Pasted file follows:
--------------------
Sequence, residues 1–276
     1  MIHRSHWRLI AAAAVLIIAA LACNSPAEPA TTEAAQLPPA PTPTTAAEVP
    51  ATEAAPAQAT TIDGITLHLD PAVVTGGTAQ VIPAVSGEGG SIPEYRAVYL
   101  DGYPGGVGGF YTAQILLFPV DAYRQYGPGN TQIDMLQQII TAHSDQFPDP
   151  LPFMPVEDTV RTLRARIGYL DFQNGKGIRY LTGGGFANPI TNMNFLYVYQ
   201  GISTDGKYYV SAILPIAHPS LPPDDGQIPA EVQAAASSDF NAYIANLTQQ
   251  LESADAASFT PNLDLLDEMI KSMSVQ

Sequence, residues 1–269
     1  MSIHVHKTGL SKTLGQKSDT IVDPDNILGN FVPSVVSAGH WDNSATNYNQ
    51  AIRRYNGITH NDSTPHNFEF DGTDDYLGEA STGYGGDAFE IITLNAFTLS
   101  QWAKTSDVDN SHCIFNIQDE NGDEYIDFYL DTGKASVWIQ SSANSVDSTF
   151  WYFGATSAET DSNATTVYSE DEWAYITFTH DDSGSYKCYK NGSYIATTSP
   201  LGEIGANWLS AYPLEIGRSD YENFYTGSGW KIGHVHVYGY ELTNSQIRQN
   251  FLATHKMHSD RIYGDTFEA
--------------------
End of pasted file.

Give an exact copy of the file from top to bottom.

Sequence, residues 1–276
     1  MIHRSHWRLI AAAAVLIIAA LACNSPAEPA TTEAAQLPPA PTPTTAAEVP
    51  ATEAAPAQAT TIDGITLHLD PAVVTGGTAQ VIPAVSGEGG SIPEYRAVYL
   101  DGYPGGVGGF YTAQILLFPV DAYRQYGPGN TQIDMLQQII TAHSDQFPDP
   151  LPFMPVEDTV RTLRARIGYL DFQNGKGIRY LTGGGFANPI TNMNFLYVYQ
   201  GISTDGKYYV SAILPIAHPS LPPDDGQIPA EVQAAASSDF NAYIANLTQQ
   251  LESADAASFT PNLDLLDEMI KSMSVQ

Sequence, residues 1–269
     1  MSIHVHKTGL SKTLGQKSDT IVDPDNILGN FVPSVVSAGH WDNSATNYNQ
    51  AIRRYNGITH NDSTPHNFEF DGTDDYLGEA STGYGGDAFE IITLNAFTLS
   101  QWAKTSDVDN SHCIFNIQDE NGDEYIDFYL DTGKASVWIQ SSANSVDSTF
   151  WYFGATSAET DSNATTVYSE DEWAYITFTH DDSGSYKCYK NGSYIATTSP
   201  LGEIGANWLS AYPLEIGRSD YENFYTGSGW KIGHVHVYGY ELTNSQIRQN
   251  FLATHKMHSD RIYGDTFEA